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Free wine hidden in small print claimed after three months

Free wine hidden in small print
Getty Getty
Free wine hidden in small print
Getty Getty

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Free wine hidden in small print: An intriguing turn of events has resulted in a free bottle of wine being claimed after it lay dormant for an astonishing three months under the privacy policy of a website belonging to a tax-focused think group. Tax Policy Associates had the bright idea to sneakily include the clause in February, hoping to see if anyone would read all of their conditions. It was an adventurous experiment.

In a tweet on X (formerly known as Twitter), the fascinating tale was revealed by this nonprofit’s director Dan Neidle, who promised a “bottle of good wine” to the astute observer who uncovered the hidden offer. Remarkably, the notion to incorporate the wine reward into the privacy policy was proposed by Mr. Neidle, who is well-known for his reporting on prominent tax matters, including those involving former Chancellor Nadhim Zahawi.

After the fact, Mr. Neidle spoke with the BBC about his reasoning for the clandestine inclusion, explaining that it was an irrational rebellion against the many privacy restrictions that are there in the internet but are generally disregarded. In a section of their privacy policy that has since been revised, they express their disappointment that their mysterious offer was not responded to sooner. They explain that they had promised to deliver a bottle of wine to the first individual to contact them in February, but they did not receive any answer until May.

Whatever the size or type of organization, this sneaky move is a sobering reminder of the legal responsibilities that every company must bear. The Information Commissioner’s Office states that the UK’s General Data Protection Regulation 2018 (GDPR) requires all entities, from large corporations to small businesses and charitable organizations, to create and maintain a privacy policy if they handle personal data.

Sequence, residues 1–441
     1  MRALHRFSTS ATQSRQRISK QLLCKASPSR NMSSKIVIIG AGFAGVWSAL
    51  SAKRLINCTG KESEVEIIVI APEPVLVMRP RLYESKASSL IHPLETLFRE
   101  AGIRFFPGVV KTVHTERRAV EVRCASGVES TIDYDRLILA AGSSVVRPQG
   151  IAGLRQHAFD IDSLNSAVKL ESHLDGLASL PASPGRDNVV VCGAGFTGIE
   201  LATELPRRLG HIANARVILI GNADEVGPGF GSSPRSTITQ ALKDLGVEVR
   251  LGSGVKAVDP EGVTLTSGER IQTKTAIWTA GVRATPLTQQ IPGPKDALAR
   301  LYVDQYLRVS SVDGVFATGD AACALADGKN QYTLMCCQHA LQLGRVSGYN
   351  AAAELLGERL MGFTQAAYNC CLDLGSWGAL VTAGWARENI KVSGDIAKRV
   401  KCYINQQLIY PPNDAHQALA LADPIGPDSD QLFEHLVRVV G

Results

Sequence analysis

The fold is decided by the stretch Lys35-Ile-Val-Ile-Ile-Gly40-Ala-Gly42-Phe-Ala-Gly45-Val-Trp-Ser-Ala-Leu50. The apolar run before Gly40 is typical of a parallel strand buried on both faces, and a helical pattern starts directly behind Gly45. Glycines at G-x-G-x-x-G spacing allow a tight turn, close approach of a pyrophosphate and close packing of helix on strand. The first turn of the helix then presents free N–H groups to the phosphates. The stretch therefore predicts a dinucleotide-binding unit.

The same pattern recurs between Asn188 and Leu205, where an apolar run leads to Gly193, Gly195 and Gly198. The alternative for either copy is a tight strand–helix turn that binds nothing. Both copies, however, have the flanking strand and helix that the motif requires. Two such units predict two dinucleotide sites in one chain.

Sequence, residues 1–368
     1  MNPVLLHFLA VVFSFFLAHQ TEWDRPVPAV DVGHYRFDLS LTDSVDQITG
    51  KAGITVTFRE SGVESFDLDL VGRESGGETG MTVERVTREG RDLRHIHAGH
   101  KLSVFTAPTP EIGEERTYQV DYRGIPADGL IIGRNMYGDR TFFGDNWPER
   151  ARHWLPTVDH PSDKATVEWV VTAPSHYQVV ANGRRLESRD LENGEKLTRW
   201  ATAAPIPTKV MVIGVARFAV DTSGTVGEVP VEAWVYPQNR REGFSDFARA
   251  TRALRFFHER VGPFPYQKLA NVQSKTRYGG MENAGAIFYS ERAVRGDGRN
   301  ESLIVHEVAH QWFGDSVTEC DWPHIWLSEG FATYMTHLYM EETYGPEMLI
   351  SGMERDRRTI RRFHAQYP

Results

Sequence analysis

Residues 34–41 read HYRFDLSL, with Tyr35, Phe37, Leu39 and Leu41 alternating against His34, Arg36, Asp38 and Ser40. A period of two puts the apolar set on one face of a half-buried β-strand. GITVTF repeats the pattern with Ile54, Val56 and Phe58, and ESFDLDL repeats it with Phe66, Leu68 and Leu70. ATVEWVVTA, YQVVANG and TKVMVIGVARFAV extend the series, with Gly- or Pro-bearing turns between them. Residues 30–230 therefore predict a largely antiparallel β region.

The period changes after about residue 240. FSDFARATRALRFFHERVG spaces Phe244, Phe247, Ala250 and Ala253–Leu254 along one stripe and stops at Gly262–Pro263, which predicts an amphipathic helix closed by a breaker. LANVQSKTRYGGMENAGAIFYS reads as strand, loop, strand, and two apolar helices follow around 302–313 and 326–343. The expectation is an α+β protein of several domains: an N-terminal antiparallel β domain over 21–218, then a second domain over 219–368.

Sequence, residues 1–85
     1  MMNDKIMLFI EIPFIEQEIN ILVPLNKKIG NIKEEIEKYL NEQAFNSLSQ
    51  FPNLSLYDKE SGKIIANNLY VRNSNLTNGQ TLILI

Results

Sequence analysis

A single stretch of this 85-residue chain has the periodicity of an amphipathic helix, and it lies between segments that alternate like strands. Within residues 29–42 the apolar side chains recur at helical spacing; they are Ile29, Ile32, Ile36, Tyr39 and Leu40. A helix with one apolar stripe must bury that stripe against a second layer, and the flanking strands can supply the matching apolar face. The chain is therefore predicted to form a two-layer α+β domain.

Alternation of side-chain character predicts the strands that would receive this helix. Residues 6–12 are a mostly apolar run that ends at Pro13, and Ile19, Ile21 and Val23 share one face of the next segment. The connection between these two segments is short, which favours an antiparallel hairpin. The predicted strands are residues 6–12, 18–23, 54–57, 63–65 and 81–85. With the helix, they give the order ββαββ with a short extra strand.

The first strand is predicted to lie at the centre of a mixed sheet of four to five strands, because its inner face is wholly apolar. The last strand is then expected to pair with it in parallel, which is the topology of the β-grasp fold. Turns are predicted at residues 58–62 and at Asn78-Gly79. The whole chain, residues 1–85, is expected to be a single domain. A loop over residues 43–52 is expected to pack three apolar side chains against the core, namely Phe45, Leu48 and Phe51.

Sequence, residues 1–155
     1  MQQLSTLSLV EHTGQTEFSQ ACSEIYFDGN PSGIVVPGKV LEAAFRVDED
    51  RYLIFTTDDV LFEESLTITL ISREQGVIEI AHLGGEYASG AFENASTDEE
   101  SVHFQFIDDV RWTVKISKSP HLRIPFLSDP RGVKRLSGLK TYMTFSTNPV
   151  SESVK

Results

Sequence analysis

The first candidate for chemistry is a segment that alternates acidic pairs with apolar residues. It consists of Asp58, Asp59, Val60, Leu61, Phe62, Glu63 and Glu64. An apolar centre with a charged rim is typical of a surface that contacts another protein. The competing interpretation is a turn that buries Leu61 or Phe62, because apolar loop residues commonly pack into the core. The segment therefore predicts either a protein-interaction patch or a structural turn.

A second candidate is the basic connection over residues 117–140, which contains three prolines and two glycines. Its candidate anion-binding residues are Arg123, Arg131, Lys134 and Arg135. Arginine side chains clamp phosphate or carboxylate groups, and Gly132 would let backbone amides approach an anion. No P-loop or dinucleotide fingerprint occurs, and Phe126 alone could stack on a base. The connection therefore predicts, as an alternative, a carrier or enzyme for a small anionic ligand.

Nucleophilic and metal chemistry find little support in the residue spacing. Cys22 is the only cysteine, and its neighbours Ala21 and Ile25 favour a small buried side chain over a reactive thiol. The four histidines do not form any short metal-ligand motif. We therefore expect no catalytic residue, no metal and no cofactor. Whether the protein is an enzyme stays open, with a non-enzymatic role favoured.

Twitter @DanNeidle

Even though the wine offer was made in secret, the person who ended up claiming it was quite fortunate. The perceptive person found the line while looking for samples of privacy policies, as Mr. Neidle said. This illusive “cheating” finally paid off, allowing the prize to be retrieved.

It is worth noting that Tax Policy Associates has engaged in such covert operations before. A comparable tactic was used when it was just starting out, although it took longer to be discovered. “We ran it again to check if people were paying closer attention, and they aren’t,” Mr. Neidle commented, illuminating the continued disregard for the small print.

By way of illustration, Mr. Neidle drew comparisons between the entertainment industry and the legendary rock band Van Halen, who were famed for their unique demand for M&Ms, namely the brown ones that had to be carefully removed from the bowl. The purpose of this somewhat strange request, he explained, was to determine how seriously promoters took their detailed technical requirements.

Finally, a bottle of Château de Sales 2013/14, Pomerol, was kindly presented to the fortunate recipient of the mysterious “good wine” in this enthralling story. Looking back on his unique approach, Mr. Neidle smiled wryly and echoed Van Halen’s clever idea: “It was a brilliant strategy to see if people were paying attention.”

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